It was alleged that they had shouted “anti-India slogans” and pledged the “destruction of India” during the course of the meeting, and the pair were arrested on the charge of sedition based on this allegation. While a majority of Indians consider Afzal Guru to be a terrorist and support his hanging; they also believe strongly in the constitutional right of every Indian to free speech. Therefore, there was a very strong outpouring of solidarity when the police arrested and reportedly mistreated students for statements they had made at a private meeting inside their own university. And since it was done using the Draconian British-era sedition law, it provoked another debate about whether such a crime as “sedition” should exist in India. When lawyers belonging to an affiliate of the ruling BJP party beat up Kanhaiya in open court, it became clear to the country that the student leader was being treated unjustly and attacked because he had raised a voice of dissent. He also won support because the issues he fought for included inequality, caste, and secularism. The movement grew as it protested what was perceived as a larger trend of suppressing dissent and liberal thought in the country: instances like the banning of the Ambedkar-Periyar Study Circle, murders of secular thinkers, banning of beef and the suicide of Rohith Vemula were cited.
Another landmark that will observe its 27th anniversary this year is the Velvet Revolution. Without a doubt the most historically significant event on this list, a student demonstration in the centre of Czechoslovakia’s second biggest city finally precipitated the fall of communism across Eastern Europe. Interestingly, the protest began on November 17, International Students’ Day, to honour Czechoslovakian students who were killed and taken from universities to concentration camps by the Nazis in 1939. The commemoration of this day was leveraged by student groups and pro-democracy political activists to demand reform and the overthrow of the dictatorial Communist regime. They were led by the charismatic Vaclav Havel, a playwright who had campaigned against the Communists all his life: an unlikely leader who would eventually become the President of Czechoslovakia. However, what turned this protest to a nationwide movement was what we have seen as a pattern among panicked autocrats – violent repression. Riot police were sent to disperse the students, and the police attacked the non-violent demonstrators. It was this use of force that turned the movement into a nationwide rebellion.
All over the nation there were strikes, protests, demonstrations and boycotts demanding the resignation of the Communist leadership. A big part was played by writers and artists; because one characteristic form of suppression under the Communists was censorship and cultural seclusion from anything Western.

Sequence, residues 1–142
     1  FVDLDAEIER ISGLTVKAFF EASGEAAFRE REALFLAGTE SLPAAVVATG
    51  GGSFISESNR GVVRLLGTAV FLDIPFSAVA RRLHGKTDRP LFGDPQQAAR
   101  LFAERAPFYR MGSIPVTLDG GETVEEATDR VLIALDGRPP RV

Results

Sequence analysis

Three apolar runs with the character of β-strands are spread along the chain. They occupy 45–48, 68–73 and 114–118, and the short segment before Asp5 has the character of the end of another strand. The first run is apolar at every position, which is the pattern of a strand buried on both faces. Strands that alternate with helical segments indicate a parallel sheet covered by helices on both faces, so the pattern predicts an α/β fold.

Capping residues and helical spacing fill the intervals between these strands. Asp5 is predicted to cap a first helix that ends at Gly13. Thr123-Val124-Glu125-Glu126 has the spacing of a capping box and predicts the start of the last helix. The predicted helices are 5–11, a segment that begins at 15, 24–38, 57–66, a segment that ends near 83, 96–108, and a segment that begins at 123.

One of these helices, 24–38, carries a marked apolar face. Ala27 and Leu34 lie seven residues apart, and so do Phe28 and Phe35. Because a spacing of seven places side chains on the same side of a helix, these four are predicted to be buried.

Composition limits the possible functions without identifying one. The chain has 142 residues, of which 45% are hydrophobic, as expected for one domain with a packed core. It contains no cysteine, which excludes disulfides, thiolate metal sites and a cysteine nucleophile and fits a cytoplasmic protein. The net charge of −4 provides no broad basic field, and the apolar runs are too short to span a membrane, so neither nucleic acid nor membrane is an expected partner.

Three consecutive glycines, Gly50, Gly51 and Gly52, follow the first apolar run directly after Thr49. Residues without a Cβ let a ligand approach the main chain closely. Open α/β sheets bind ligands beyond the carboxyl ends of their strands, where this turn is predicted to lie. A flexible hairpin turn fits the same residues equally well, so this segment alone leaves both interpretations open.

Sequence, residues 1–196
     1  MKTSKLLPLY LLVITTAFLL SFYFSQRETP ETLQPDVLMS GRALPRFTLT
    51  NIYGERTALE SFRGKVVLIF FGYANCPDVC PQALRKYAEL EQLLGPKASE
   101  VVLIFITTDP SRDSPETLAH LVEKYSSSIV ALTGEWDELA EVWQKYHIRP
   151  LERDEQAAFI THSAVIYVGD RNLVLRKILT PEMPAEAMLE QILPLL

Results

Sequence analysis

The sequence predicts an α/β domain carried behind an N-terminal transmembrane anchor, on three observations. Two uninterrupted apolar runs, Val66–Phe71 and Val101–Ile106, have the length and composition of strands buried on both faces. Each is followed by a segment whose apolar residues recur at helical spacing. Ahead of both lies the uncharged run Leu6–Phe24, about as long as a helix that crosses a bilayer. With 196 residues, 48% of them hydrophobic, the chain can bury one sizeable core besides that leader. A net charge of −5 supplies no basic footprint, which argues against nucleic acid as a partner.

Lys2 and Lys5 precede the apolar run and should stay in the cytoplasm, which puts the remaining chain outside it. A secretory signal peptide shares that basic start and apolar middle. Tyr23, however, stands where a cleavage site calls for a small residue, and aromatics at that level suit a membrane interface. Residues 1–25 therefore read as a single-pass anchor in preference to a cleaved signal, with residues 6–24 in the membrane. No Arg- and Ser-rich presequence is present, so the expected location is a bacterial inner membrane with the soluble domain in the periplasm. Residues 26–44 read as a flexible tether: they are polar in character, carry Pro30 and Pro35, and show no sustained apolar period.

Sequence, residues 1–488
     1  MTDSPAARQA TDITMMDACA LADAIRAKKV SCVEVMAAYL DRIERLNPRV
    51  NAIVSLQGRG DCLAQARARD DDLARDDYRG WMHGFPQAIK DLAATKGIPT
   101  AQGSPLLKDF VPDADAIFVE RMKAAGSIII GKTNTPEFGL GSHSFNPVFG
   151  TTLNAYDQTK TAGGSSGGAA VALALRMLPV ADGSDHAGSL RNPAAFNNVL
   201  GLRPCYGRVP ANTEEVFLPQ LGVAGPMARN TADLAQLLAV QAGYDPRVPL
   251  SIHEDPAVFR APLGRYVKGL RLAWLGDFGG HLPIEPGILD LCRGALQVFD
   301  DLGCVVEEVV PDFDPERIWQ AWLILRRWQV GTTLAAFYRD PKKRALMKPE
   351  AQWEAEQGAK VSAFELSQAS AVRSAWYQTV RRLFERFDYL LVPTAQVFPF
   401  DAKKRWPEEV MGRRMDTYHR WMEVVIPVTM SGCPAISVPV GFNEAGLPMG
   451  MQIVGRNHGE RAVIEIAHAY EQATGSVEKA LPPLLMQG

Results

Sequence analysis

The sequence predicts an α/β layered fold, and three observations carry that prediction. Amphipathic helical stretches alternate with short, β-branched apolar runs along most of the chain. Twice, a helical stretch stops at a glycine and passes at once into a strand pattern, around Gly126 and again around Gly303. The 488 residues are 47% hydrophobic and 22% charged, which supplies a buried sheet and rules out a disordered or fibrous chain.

So the freedom of expression became a central rallying cry, and CDs of the American band The Velvet Underground smuggled into the country inspired its name. But it is also known as the Velvet Revolution (or the Gentle Revolution) because these solely peaceful protests – sometimes even in the face of brutality and violence by the police – over a period of two months actually resulted in the downfall of the regime. It has been held up ever since as the stellar example of a successful peaceful revolution. And the resignation of the Communist government was followed by a peaceful transition to the first democratically elected Czechoslovakian government since 1948, led by Havel. It even became a trigger for further rebellions and movements in other Eastern European states, which eventually resulted in the end of Communism and the downfall of the Soviet Union. Peace really does succeed!
This week France has seen nationwide strikes and large-scale demonstrations in opposition to a new labour law. Similar strikes took place in 1968. The entire country erupted in protest for a period of two weeks, which was instigated again by a student agitation in the capital.
Students of two universities in Paris, the “JNUs” of that controversy, had raised their voices against the French government of President Charles de Gaulle: affiliated with left-wing groups who opposed Gaullist capitalism, they were specifically fighting administrative and bureaucratic policies on campus. However, the use of the police by the government to clear out the demonstrators turned it into a larger political issue. Students and left-wing activists all over Paris organised protest marches against the government. The process of escalation continued, and more heavy-handed response by Gaulle’s government sparked violent clashes between the protesters and police. But instead of scaring French activists, this spurred the French public into action. All over the country, massive numbers of workers and citizens started agitations in solidarity with the students, and called a general strike against the government. Far from staying peaceful, factories across France saw workers and police clash over the charge of capitalist exploitation, and the principle of suppression of dissent.
Eventually, 22 percent of France’s population was on the streets, nearly bringing the French economy to a halt; and forcing President de Gaulle to flee to Germany. The uprising was a failure that effected little change and in fact strengthened Gaulle’s hold on government, because it was unstructured and violent.
However, it is an unprecedented example of a protest about a specific issue – here university administration – turning into a nationwide general strike that ended up driving the President out of the country.
Read More: May 1968, The Revolution that Never Was